Drug dog must go

Everyone has the right to be secure against unreasonable search and seizure. So says Section 8 of the Canadian Charter of Rights and Freedoms.

Everyone has the right to be secure against unreasonable search and seizure.

So says Section 8 of the Canadian Charter of Rights and Freedoms.

And, because of its existence, Ebony the drug dog must be pulled from Porter Creek Secondary School.

The animal’s presence in the school violates the students’ rights, according to a Supreme Court of Canada decision delivered Friday.

The court ruling stemmed from a drug sweep of a Sarnia, Ontario, school by a police canine team in 2002.

Police conducted a random search of the student body for drugs. No search warrant was obtained and no tip provoked the search.

There, as at Porter Creek, the police attended through a longstanding invitation from school officials.

“The police had no knowledge that drugs were present in the school and would not have been able to obtain a warrant to search the school,” according to the court decision written by Louis LeBel.

“The subject of the search is not public air space. It is the concealed contents of the backpack.

“As with briefcases, purses and suitcases, backpacks are the repository of much that is personal, particularly for people who lead itinerant lifestyles during the day, as in the case of students and travellers.

“Teenagers may have little expectation of privacy from the searching eyes and fingers of their parents, but they expect the contents of their backpacks not to be open to the random and speculative scrutiny of the police.

“This expectation is a reasonable one that society should support.”

The dog sniff was unreasonably undertaken because there was no proper justification.

The police lacked any grounds for reasonable suspicion, wrote LeBel.

“While the sniffer-dog search may have been seen by the police as an efficient use of their resources, and by the principal of the school as an efficient way to advance a zero-tolerance policy, these objectives were achieved at the expense of the privacy interest (and constitutional rights) of every student in the school.”

Sniffer dogs are not infallible, wrote the court.

And, therefore, a record of a particular dog’s record of success will be important in assessing the reasonableness of a search.

From a police perspective, a dog that fails half the time is better than no detection at all, according to the decision.

“However, from the perspective of the general population, a dog that falsely alerts half of the time raises serious concerns about the invasion of the privacy of innocent people,” wrote LeBel.

“Moreover, the sniff does not disclose the presence of drugs. It discloses the presence of an odour that indicates either the drugs are present or may have been present but are no longer present, or that the dog is simply wrong.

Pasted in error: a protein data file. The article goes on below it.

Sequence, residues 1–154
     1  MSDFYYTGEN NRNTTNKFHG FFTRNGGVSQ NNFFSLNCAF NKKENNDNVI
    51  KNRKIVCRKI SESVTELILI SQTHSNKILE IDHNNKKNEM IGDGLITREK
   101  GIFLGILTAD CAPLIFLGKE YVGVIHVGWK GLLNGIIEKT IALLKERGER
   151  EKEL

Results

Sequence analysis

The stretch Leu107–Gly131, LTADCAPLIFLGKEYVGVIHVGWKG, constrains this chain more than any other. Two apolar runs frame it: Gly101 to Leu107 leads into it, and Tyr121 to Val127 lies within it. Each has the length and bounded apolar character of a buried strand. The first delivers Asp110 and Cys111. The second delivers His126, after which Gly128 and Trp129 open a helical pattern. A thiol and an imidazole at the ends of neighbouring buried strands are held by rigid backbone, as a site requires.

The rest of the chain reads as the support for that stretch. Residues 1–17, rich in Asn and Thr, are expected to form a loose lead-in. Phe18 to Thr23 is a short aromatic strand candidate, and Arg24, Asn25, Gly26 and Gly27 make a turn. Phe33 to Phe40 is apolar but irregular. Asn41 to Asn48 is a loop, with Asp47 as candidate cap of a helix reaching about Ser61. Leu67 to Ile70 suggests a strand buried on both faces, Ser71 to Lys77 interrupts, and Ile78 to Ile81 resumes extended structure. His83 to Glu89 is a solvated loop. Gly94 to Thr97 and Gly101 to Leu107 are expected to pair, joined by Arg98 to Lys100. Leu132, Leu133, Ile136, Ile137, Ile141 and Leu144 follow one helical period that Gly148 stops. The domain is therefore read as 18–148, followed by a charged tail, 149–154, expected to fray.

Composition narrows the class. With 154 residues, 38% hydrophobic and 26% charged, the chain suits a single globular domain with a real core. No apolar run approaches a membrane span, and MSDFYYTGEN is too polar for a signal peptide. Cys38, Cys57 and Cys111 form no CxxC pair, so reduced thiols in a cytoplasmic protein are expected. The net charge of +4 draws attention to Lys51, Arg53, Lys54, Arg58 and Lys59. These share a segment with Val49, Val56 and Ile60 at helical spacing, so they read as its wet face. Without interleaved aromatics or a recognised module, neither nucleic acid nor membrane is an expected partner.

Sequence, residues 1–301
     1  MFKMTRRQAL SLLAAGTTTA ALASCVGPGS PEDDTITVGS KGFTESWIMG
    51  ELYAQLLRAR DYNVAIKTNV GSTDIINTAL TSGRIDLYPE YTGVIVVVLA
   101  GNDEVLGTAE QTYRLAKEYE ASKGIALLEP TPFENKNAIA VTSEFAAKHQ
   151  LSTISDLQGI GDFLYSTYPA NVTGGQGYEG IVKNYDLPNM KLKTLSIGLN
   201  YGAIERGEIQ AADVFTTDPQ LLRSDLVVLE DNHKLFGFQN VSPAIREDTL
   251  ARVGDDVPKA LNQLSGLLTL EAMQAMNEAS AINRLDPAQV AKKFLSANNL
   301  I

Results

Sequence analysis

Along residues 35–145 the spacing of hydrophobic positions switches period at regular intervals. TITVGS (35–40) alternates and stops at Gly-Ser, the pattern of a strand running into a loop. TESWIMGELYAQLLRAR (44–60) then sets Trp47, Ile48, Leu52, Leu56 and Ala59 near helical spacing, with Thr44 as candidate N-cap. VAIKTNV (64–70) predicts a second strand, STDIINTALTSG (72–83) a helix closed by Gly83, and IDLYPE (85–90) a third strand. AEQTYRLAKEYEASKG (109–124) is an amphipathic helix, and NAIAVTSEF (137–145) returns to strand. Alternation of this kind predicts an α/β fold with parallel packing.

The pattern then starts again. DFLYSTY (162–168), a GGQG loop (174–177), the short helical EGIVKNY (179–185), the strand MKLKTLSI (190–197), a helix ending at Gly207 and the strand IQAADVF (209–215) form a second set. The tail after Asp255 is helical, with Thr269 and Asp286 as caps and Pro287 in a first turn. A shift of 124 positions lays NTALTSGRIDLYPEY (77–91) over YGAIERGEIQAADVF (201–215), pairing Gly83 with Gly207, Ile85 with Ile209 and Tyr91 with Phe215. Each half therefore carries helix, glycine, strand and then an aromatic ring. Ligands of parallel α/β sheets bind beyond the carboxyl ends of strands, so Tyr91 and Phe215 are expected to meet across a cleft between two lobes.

“In the sniffer-dog business, there are many variables.”

“Students are entitled to privacy even in a school environment,” wrote Justice William Ian Corneil Binnie in support of the decision.

“Entering a schoolyard does not amount to crossing the border of a foreign state. 

“Students ought to be able to attend school without undue interference from the state, but subject, always, to normal school discipline.

“A search was conducted. The authority for that search was nowhere to be found in the statute law or at common law.

“This is not a case, for example, where the police would have entered the school under the authority of a search warrant and used sniffer dogs to assist in effecting a more focused search.”

Therefore, the drug evidence found through the search was properly excluded, he concluded.

“What was done here may have been seen by the police as an efficient use of their resources, and by the principal of the school as an efficient way to advance a zero-tolerance policy, wrote Justice Marie Deschamps in support of the decision.

“But these objectives were achieved at the expense of the privacy interest (and constitutional rights) of every student in the school, as the youth court judge and the Court of Appeal pointed out. The Charter weighs other values, including privacy, against an appetite for police efficiency.

“A hunch is not enough to warrant a search of citizens or their belongings by police dogs.”

Currently, at Porter Creek Secondary, that’s exactly what’s happening.

Doug Green, Ebony’s handler, is probably providing useful drug information to the school’s students.

But the presence of Ebony, a trained dog sniffing around pockets, backpacks and lockers throughout the day, is sending the wrong message to impressionable young minds.

It erodes their personal freedom. The dog’s presence suggests it’s OK for the state to monitor a person’s affairs throughout the day, even without just cause.

As well, any seizures or actions spurred by Ebony’s efforts are now likely to be ruled inadmissible following the Supreme Court’s ruling.

So, why have her there?

The three-year drug-dog pilot project at the school will cost $275,000. That’s a lot of money for a project that now violates the Canadian Charter.

It will be more costly if a student challenges the project in court.

In Canada, everyone has a right to protection against unreasonable search and seizure.

The drug-dog project proceeded under the understanding that our children were exempt from that protection.

Friday the Supreme Court ruled otherwise.

And, in light of that decision, the Education department has no choice but to get the dog out of the school. (RM)

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